In Japanese writer Koushun Takami’s prized novel, Battle Royale, a group of students trapped on an island engage in a fight to the death that can can have only one victor.
Similarly, Group A in the EU LCS Summer Split has been a fight to the death between Fnatic and G2 Esports. The only difference is, the victor is preordained: Fnatic is locked into first place after G2 lost to ROCCAT on Thursday.
That doesn’t mean that the much-anticipated Saturday match between G2 and Fnatic isn’t important. For most of the last two years, G2 have been the class of Europe having wrested the title of “kings” away from Fnatic. That title, along with pride and playoff momentum will be on the line when these teams clash for the second time this split.
Who has the edge in this latest battle between royalty?
Fnatic, playing the meta
The biggest story of Fnatic’s season has been their up-and-down relationship with the meta. The started playing the meta without much more success than last summer, when they missed the playoffs.
Then, in a daring change at the end of the Spring Split, the team, and ADC Martin “Rekkles” Larsen in particular, said “screw it.” Playing what they described as “animal style,” they stuck Rekkles on a splitpush Kennen and played an aggressive pick comp around him.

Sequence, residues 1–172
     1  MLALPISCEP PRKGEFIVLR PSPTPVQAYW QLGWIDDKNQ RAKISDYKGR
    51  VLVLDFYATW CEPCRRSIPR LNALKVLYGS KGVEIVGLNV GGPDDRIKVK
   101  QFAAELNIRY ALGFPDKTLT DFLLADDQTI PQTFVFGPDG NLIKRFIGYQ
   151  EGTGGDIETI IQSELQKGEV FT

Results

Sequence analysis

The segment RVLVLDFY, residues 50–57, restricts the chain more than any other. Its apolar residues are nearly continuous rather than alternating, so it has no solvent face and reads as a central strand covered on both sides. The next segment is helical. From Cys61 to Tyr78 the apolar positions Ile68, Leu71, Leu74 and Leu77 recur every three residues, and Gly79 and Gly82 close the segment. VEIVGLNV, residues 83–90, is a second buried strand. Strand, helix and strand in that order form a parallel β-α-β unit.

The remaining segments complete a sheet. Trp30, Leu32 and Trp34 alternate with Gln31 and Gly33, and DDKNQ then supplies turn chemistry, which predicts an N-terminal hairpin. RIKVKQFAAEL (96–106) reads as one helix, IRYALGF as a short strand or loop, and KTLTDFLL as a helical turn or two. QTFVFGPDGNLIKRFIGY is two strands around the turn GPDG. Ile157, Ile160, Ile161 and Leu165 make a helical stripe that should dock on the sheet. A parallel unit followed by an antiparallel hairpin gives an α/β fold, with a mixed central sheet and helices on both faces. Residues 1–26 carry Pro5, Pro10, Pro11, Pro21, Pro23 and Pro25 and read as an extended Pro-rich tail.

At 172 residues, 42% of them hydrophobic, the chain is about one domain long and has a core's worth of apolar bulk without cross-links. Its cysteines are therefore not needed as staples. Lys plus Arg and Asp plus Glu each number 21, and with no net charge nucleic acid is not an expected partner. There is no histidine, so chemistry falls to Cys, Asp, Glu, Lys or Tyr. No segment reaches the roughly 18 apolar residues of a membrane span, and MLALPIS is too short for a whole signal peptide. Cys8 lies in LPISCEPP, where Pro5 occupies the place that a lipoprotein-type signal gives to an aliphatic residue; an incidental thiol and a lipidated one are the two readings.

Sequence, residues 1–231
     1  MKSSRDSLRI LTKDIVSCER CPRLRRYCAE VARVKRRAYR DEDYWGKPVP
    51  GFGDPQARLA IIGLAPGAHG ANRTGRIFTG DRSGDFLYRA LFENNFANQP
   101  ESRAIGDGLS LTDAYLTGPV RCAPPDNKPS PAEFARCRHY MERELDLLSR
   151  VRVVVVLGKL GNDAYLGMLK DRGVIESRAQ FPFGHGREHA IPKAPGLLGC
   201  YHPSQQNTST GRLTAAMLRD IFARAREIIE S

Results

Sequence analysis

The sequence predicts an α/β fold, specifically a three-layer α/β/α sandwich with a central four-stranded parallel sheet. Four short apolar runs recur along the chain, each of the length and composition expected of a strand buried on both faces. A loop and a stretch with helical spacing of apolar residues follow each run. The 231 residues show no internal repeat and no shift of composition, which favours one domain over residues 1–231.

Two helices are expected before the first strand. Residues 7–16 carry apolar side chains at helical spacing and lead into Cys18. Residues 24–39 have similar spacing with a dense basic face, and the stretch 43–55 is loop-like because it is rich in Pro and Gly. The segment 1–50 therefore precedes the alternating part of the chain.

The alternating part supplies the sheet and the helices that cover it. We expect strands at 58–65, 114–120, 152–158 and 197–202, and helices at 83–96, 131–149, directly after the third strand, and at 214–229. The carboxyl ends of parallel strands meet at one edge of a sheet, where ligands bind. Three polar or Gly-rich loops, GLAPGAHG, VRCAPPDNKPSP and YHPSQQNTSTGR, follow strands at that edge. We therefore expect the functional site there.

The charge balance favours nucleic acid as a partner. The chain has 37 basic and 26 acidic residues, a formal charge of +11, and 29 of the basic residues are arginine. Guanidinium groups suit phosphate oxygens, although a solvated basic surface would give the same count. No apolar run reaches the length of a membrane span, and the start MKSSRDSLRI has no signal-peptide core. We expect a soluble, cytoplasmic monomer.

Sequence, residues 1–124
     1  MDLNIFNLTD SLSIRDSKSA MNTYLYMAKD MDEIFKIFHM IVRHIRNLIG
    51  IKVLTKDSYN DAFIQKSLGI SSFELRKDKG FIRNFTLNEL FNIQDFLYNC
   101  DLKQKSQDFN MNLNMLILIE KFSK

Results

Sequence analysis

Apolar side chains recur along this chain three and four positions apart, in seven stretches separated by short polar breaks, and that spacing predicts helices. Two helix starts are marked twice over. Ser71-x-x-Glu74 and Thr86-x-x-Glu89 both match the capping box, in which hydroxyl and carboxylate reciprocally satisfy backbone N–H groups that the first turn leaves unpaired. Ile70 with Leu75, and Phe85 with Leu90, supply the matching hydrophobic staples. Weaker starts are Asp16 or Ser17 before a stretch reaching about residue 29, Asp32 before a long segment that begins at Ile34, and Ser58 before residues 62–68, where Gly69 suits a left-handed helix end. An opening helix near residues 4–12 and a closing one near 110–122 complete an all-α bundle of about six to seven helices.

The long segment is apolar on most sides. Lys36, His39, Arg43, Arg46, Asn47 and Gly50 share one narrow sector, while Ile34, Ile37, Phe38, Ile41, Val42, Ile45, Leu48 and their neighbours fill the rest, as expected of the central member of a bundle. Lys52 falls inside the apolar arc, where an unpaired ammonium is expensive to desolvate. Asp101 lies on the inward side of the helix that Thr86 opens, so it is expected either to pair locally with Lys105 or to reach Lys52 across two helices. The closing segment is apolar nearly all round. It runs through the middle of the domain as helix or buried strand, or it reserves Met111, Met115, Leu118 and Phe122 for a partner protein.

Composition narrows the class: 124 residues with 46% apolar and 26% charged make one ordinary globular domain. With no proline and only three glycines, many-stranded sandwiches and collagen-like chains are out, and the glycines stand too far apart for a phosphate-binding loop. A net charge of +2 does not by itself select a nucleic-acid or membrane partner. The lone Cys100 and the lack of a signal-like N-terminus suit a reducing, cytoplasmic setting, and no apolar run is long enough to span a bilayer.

That surprising style almost gave them an upset against G2 in the spring playoffs. In multiple games, they seized control of the early game before missed rotations eventually let G2’s scaling teamfight compositions make a comeback.
They amped that style even higher at the start of Summer, and this time, were able to beat G2 with Rekkles popping off. But it was stopped in its tracks in the middle of the split at Rift Rivals.
Fnatic’s flaws were exposed by the North American teams, who should have been less familiar with their style. Moving Rekkles around and letting him split push forced Fnatic to trade sides of the map when he couldn’t outright win his two-on-two lane. Fnatic ceded drake after drake to NA teams because of bad duo lane matchups. Their dragon control is top in their region, but against NA duo lanes, FNC fell apart.
Meanwhile in mid lane, aggressive mid lane roams by NA teams shut down Caps and opened up the map. Fnatic’s pick comp could not stand up to the brute-force, tower-be-damned dive comps that their NA opponents used. Ceding mid lane priority meant giving up large swaths of the jungle as well, which rendered Rekkles’ split pushing ineffective.
Fnatic’s animal style was chained up.
Getting back to carries